There is compelling evidence that sleep contributes to the long-term consolidation of new memories. This function of sleep has been linked to slow (<1 Hz) potential oscillations, which predominantly arise from the prefrontal neocortex and characterize slow wave sleep. However, oscillations in brain potentials are commonly considered to be mere epiphenomena that reflect synchronized activity arising from neuronal networks, which links the membrane and synaptic processes of these neurons in time. Whether brain potentials and their extracellular equivalent have any physiological meaning per se is unclear, but can easily be investigated by inducing the extracellular oscillating potential fields of interest. Here we show that inducing slow oscillation-like potential fields by transcranial application of oscillating potentials (0.75 Hz) during early nocturnal non-rapid-eye-movement sleep, that is, a period of emerging slow wave sleep, enhances the retention of hippocampus-dependent declarative memories in healthy humans. The slowly oscillating potential stimulation induced an immediate increase in slow wave sleep, endogenous cortical slow oscillations and slow spindle activity in the frontal cortex. Brain stimulation with oscillations at 5 Hz–another frequency band that normally predominates during rapid-eye-movement sleep–decreased slow oscillations and left declarative memory unchanged. Our findings indicate that endogenous slow potential oscillations have a causal role in the sleep-associated consolidation of memory, and that this role is enhanced by field effects in cortical extracellular space.
In humans, weak transcranial direct current stimulation (tDCS) modulates excitability in the motor, visual, and prefrontal cortex. Periods rich in slow-wave sleep (SWS) not only facilitate the consolidation of declarative memories, but in humans, SWS is also accompanied by a pronounced endogenous transcortical DC potential shift of negative polarity over frontocortical areas. To experimentally induce widespread extracellular negative DC potentials, we applied anodal tDCS (0.26 mA) [correction] repeatedly (over 30 min) bilaterally at frontocortical electrode sites during a retention period rich in SWS. Retention of declarative memories (word pairs) and also nondeclarative memories (mirror tracing skills) learned previously was tested after this period and compared with retention performance after placebo stimulation as well as after retention intervals of wakefulness. Compared with placebo stimulation, anodal tDCS during SWS-rich sleep distinctly increased the retention of word pairs (p < 0.005). When applied during the wake retention interval, tDCS did not affect declarative memory. Procedural memory was also not affected by tDCS. Mood was improved both after tDCS during sleep and during wake intervals. tDCS increased sleep depth toward the end of the stimulation period, whereas the average power in the faster frequency bands (,alpha, and beta) was reduced. Acutely, anodal tDCS increased slow oscillatory activity <3 Hz. We conclude that effects of tDCS involve enhanced generation of slow oscillatory EEG activity considered to facilitate processes of neuronal plasticity. Shifts in extracellular ionic concentration in frontocortical tissue (expressed as negative DC potentials during SWS) may facilitate sleep-dependent consolidation of declarative memories.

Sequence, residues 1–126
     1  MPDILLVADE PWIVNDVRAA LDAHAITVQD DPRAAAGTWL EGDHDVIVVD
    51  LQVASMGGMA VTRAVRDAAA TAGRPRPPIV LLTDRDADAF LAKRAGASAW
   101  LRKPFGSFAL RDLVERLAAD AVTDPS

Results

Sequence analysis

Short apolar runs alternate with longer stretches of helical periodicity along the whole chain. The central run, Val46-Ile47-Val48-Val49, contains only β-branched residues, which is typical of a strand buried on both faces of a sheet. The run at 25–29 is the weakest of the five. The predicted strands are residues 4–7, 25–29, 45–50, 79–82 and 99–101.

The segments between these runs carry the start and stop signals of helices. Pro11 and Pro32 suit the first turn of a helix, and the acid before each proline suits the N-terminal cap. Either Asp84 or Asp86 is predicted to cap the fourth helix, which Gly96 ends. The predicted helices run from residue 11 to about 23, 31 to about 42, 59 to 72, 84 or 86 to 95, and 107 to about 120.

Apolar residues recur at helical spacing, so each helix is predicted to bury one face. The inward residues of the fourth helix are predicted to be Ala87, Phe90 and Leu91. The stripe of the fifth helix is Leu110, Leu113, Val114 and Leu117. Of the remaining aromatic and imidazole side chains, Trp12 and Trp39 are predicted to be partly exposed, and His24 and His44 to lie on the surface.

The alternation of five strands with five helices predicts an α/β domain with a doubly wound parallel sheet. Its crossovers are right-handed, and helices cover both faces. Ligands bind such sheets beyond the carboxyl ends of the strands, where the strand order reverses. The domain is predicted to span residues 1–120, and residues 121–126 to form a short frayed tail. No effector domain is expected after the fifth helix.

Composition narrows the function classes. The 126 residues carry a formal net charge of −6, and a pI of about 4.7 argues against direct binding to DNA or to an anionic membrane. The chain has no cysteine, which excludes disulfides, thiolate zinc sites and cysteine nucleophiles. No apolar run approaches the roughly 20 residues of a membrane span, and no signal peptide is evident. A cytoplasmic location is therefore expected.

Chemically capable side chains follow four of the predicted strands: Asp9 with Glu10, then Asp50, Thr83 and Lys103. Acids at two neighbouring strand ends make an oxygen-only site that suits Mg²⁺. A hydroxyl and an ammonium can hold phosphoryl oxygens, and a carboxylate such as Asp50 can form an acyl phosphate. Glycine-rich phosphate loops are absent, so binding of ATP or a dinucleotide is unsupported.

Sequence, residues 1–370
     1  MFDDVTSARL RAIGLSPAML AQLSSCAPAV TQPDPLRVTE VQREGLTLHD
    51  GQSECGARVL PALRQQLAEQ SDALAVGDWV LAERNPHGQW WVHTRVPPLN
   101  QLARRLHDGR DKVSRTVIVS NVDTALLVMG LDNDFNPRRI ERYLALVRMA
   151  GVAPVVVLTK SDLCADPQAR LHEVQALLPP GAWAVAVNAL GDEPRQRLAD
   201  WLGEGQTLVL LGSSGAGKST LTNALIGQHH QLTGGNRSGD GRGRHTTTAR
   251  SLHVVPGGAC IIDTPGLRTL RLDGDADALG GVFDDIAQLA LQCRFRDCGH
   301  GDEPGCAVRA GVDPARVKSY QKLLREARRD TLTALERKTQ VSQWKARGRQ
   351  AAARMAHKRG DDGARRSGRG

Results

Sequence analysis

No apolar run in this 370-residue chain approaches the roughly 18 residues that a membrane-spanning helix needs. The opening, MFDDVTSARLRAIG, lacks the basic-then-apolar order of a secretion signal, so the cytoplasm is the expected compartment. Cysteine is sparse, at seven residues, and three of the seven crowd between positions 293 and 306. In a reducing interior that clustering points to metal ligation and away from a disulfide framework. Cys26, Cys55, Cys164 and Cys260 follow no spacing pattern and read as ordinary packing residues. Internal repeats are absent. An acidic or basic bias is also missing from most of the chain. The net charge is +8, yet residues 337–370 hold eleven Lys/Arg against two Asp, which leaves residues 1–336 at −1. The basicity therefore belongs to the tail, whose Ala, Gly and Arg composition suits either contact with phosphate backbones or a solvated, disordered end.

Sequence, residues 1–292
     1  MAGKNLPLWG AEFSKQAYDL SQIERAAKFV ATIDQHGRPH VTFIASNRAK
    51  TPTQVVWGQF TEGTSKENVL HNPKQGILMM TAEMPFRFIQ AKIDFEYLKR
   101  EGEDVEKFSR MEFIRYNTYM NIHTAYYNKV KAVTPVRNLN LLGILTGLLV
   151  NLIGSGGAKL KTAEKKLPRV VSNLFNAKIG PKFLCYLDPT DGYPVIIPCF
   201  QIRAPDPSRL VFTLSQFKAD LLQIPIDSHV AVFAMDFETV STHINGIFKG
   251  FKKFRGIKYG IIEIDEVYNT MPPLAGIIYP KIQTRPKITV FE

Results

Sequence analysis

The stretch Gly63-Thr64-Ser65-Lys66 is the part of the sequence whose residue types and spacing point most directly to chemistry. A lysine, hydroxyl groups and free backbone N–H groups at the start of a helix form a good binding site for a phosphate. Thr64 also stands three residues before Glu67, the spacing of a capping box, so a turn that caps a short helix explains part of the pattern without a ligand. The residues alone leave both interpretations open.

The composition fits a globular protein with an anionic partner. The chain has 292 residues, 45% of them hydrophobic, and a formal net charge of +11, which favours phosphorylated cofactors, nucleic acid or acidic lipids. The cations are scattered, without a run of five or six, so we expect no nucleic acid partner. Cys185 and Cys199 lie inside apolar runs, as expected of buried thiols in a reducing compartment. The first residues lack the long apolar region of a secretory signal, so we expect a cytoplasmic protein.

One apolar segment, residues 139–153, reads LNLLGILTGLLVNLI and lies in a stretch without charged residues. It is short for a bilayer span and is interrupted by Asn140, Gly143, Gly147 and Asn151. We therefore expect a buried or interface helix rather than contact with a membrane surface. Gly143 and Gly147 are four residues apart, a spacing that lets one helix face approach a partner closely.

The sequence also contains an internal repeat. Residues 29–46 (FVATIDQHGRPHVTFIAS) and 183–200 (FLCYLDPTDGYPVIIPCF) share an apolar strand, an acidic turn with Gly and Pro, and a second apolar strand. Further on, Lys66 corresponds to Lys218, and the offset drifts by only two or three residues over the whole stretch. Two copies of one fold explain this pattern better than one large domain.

The treatment of chronic psychophysiological insomnia presents a challenge that has not been met using currently available pharmacotherapy. Low energy emission therapy (LEET) has been developed as a potential alternative therapy for this disorder. LEET consists of amplitude-modulated electromagnetic fields delivered intrabuccally by means of an electrically conducting mouthpiece in direct contact with the oral mucosa. The effect of LEET on chronic psychophysiological insomnia was assessed with polysomnography (PSG) and sleep rating forms on a total of 106 patients at two different centers. Active or inactive LEET was administered for 20 minutes in late afternoon three times a week for a total of 12 treatments. Primary efficacy endpoints evaluating the results were changes from baseline in PSG-assessed total sleep time (TST) and sleep latency (SL). Secondary endpoints were changes in sleep efficiency (SE), sleep stages, and reports by the subjects of SL and TST. There was a significant increase in TST as assessed by PSG between baseline and post-treatment values for the active treatment group (76.0 +/- 11.1 minutes, p = 0.0001). The increase for the inactive treatment group was not statistically significant. The TST improvement was significantly greater for the active group when compared to the inactive group (adjusted for baseline TST; p = 0.020. R1 = 0.20). There was a significant decrease in SL as assessed by PSG between baseline and post-treatment values for the active treatment group (-21.6 +/- 5.9 minutes, p = 0.0006), whereas the decrease noted for the inactive treatment group was not statistically significant. The difference in SL decrease between the two treatment groups was marginally significant (adjusted for baseline SL and center, p = 0.068, R2 = 0.60). The number of sleep cycles per night increased by 30% after active treatment (p = 0.0001) but was unchanged following inactive treatment. Subjects did not experience rebound insomnia, and there were no significant side effects. The data presented in this report indicate that LEET administered for 20 minutes three times a week increased TST and reduced SL in chronic psychophysiological insomnia. LEET is safe and well tolerated and it effectively improved the sleep of chronic insomniacs given 12 treatments over a 4-week period by increasing the number of sleep cycles without altering the percentage of the various sleep stages during the night. The therapeutic action of LEET differs from that of currently available drug therapies in that the sleep pattern noted in insomniacs following LEET treatment more closely resembles nocturnal physiological sleep. This novel treatment may offer an attractive alternative therapy for chronic insomnia.